A crucial reason why the children of immigrants do so well in America is the mobility of immigrants. “Immigrants tend to move to locations in the United States that offer the best opportunities for their kids, whereas the U.S. born are more rooted in place,” according to the authors.

Abramitzky and Boustan discuss the contrast between immigrants and the plight of the family members who J.D. Vance wrote about in his book Hillbilly Elegy, which focused on an economically depressed part of Ohio near the Kentucky border. “For Vance, moving up the ladder meant moving out of his childhood community, a step that many Americans are unwilling to take.”

Since his bid for the U.S. Senate, Vance has turned into an opponent of immigration, against even high-skilled temporary visas, and implied that restricting immigration would help people like those described in his book. However, the data presented convincingly by economists Abramitzky and Boustan show a policy of restricting immigration will not help people living in economically depressed parts of America. There is no connection between the two, except that immigrants show the best approach is to move if necessary to improve your family’s chances of success in the United States.

The parents of Mohit “Mo” Bhende immigrated to America from India. Mo was born in Houston, Texas. Because his father’s job was in Houston and his mother’s residency was in New Orleans, he lived with his grandparents in Bombay until he was four years old. (Listen here for a podcast with Mo’s story.) The family reunited in New Orleans and later moved to Pittsburgh, where Mo was one of fewer than five Indian-American students in a high school with a senior class of 550.

Although he graduated seventh in his class, 12 colleges rejected Mo for admission. He was accepted to his safety school, Penn State, on a scholarship. He said the defining moment in his life came from his father’s reaction. Rather than being upset that his son was declined admission at many top colleges, Mo’s father told him, “All it takes is one” and encouraged him to make the most of his time at Penn State. “That simple philosophy of all it takes is one has been a governing thesis of my life,” said Mo. “All it takes is one investor, one cofounder, one wife, one house, one everything.” Today, Mo is CEO and cofounder of Karat, a company valued at $1.1 billion with approximately 400 employees. The company has identified a lucrative niche by pioneering the “Interviewing Cloud” to match employers with needed software engineers.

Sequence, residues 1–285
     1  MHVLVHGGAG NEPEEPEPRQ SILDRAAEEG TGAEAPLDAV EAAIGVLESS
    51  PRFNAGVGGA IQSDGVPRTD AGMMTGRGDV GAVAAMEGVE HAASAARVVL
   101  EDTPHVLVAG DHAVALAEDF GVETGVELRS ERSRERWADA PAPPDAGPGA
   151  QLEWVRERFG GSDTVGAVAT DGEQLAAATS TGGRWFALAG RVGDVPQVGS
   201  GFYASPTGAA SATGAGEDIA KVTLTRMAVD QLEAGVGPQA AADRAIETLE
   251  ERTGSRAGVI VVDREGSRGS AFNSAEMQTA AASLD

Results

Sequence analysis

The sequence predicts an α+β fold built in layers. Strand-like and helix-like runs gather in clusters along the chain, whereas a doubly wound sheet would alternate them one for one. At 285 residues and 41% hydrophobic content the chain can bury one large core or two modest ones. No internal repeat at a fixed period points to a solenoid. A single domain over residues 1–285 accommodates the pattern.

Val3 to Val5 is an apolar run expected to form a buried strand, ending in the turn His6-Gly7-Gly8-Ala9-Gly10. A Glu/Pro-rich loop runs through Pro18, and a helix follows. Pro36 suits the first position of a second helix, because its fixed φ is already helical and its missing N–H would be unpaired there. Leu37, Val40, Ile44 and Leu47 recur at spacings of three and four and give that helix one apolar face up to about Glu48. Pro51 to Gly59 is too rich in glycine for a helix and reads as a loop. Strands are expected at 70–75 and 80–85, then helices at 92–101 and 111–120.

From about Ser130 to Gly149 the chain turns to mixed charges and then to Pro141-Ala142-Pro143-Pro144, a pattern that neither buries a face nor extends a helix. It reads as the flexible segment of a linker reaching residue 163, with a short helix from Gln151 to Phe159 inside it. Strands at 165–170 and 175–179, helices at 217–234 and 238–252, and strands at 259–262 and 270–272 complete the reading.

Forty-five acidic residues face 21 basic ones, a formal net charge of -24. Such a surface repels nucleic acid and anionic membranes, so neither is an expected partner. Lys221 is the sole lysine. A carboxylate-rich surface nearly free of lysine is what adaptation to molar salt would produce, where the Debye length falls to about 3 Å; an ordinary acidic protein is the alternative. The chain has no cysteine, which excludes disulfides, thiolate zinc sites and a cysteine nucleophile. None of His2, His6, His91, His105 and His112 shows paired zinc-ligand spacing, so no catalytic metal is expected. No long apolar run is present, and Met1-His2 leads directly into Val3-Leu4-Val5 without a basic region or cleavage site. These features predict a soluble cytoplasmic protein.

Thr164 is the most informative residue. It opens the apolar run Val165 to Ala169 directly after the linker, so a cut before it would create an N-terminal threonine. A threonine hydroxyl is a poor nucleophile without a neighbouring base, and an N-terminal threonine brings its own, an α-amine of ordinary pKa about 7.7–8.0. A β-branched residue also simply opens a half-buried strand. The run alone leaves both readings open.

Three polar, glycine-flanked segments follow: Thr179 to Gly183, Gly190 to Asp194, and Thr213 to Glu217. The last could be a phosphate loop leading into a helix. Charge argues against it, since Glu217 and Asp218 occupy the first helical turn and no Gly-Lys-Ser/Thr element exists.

“Now, as a parent myself, I keenly understand the magnitude of the sacrifices my parents made for me,” said Mo Bhende in an interview. “As new immigrants with less than $100 in their pockets, their decision for me to live with my grandparents as an infant so they could get established in their careers was a huge sacrifice, but one that ultimately established life-defining connections for me to my family and heritage. It was my grandmother who wisely told me from an early age that ‘money is not everything,’ which ultimately guided me to find my purpose in creating Karat and identifying our organization’s purpose of unlocking opportunity for everyone.”

Katya Echazarreta immigrated to America with her parents from Mexico as a seven-year-old. “She recalls being overwhelmed in a new place where she didn’t speak the language, and a teacher warned her she might have to be held back,” according to CNN. Katya worked four jobs in college and contributed to her family’s income in high school, including by working at McDonald’s. After earning a bachelor’s degree in electrical engineering from UCLA, Katya worked for two years as an electrical engineer at the NASA Jet Propulsion Laboratory and expects to complete her master’s degree at Johns Hopkins University in 2023. On June 4, 2022, she was selected to join a Blue Origin spaceflight. She hopes to make travel in space accessible to people in America like her, those who start life with little means but have big dreams.

“The dream that propels many immigrants to America’s shores is the possibility of offering a better future for their children,” write Ran Abramitzky and Leah Boustan. “Using millions of records of immigrant families, we find that the children of immigrants surpass their parents and move up the economic ladder both in the past and today. If this is the American Dream, then immigrants achieve it—big time.”